Strike action was last night threatening to disrupt the Rugby World Cup, with hotel and restaurant staff demanding a share of the windfall profits.

Experts have predicted the event will pump as much as $1.15 billion into the economy and Unite union national secretary Matt McCarten said workers should share that.

"We don't want to disrupt the games, but we have a job to get some of that wealth and share it around a bit."

Unite represents 3000 employees at the SkyCity chain of hotels and casinos, and large numbers at the Millennium, Copthorne, Kingsgate and Accor hotel chains - plus many other restaurant and accommodation workers around the country.

It has about 5000 members nationwide, representing about 25 per cent of workers in the hospitality industry.

McCarten said there was potential for industrial action during the Cup if employment agreements weren't settled.

"First of all we want to sit down and have a talk - we don't go in and say we'll take industrial action, but certainly we want a share."

McCarten said hospitality industry workers should be paid a minimum of $15 an hour and hotel workers get a cut of room-rate hikes.

The workers earned low wages and would be expected to work long hours and extra days during the tournament.

"They're talking about room rates of up to 10 times what they're charging now, so there will be a lot of money around."

Hospitality Association of New Zealand chief executive Bruce Robertson said he didn't believe a short-term event justified a change in policy.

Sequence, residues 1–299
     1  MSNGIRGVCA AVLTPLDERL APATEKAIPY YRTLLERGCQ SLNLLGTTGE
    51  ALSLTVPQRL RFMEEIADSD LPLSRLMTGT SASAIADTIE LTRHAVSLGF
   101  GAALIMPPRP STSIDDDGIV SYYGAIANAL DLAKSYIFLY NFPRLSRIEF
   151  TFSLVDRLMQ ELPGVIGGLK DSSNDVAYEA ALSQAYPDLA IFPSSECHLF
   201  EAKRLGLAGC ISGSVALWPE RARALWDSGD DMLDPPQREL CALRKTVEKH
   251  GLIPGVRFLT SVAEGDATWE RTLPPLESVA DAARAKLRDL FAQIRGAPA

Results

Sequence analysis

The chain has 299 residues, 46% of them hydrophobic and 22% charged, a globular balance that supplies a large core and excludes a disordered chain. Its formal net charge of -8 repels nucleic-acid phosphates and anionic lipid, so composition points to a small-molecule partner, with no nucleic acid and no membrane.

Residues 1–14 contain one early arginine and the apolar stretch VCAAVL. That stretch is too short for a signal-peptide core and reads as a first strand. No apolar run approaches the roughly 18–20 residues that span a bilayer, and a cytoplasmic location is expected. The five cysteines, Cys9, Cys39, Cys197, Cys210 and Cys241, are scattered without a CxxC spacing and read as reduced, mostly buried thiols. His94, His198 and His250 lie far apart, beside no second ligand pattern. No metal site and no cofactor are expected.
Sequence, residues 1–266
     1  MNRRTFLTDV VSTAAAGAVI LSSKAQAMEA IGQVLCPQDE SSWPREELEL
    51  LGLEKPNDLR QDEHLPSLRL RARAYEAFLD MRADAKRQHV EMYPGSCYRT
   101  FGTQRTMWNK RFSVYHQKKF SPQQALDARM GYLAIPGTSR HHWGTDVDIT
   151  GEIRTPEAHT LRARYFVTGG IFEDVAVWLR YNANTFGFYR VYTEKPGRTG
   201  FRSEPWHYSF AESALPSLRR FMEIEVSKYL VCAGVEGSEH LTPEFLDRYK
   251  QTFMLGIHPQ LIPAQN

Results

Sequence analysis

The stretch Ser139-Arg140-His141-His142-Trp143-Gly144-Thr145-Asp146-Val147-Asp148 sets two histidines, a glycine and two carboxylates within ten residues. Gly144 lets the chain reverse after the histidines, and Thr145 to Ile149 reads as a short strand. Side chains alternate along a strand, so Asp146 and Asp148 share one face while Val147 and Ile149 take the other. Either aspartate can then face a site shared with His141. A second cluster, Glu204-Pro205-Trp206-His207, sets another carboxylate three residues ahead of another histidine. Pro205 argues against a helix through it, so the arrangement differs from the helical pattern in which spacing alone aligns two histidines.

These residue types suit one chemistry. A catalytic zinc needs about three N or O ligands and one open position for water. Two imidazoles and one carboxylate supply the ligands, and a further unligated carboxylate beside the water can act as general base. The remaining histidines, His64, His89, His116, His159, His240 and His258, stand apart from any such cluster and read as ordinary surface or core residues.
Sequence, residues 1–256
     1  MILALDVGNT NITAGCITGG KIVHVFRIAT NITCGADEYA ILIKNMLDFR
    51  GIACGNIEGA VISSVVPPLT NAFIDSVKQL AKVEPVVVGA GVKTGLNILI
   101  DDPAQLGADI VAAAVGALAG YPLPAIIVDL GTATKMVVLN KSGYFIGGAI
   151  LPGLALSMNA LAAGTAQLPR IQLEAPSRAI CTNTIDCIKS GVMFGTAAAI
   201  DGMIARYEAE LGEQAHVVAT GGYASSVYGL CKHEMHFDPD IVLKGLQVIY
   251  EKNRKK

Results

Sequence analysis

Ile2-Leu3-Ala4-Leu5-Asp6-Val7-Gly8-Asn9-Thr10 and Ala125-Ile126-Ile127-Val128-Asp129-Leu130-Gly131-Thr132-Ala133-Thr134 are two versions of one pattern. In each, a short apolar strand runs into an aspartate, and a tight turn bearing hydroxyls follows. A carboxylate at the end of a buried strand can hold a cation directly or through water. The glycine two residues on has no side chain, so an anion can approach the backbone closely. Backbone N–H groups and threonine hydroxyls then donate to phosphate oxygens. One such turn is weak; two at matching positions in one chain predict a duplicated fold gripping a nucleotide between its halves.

"It would be unfortunate if this would jeopardise an event as big as the Rugby World Cup," he said. "I think [Matt] is legitimately trying to push up his members' wages, but this is a wonderful event which is on for a very short time."

Robertson said most hotel rooms wouldn't be as pricey as predicted, with some still selling for about $150 a night.

And Tourism Auckland chief executive Graeme Osborne said no one would be making "silly money" from the tournament.

The industry had emerged from a "tough" few years, and the average room rate was about $140 a night, lower than it was five years ago.

"Any employee action needs to be balanced against the fact that this is a seasonal sector who have just come through a pretty tough time," he said.

Auckland Mayor John Banks said he supported workers sharing benefits from the Cup but wouldn't comment on the potential for industrial action during the tournament.

Hotel worker Marion Maera, 52, earned $12.80 an hour as a housekeeper at the Hotel Grand Chancellor, and said she supported Unite's move.

"Some [workers] have been there a really long time and they're only on $13 an hour," she said. "It's not a lot when you're trying to pay the bills and get groceries."

She said the job was hard, physical work and workers were expecting to work longer hours during the Cup.

Rugby New Zealand 2011, the official body running the Cup, would not be drawn into the row.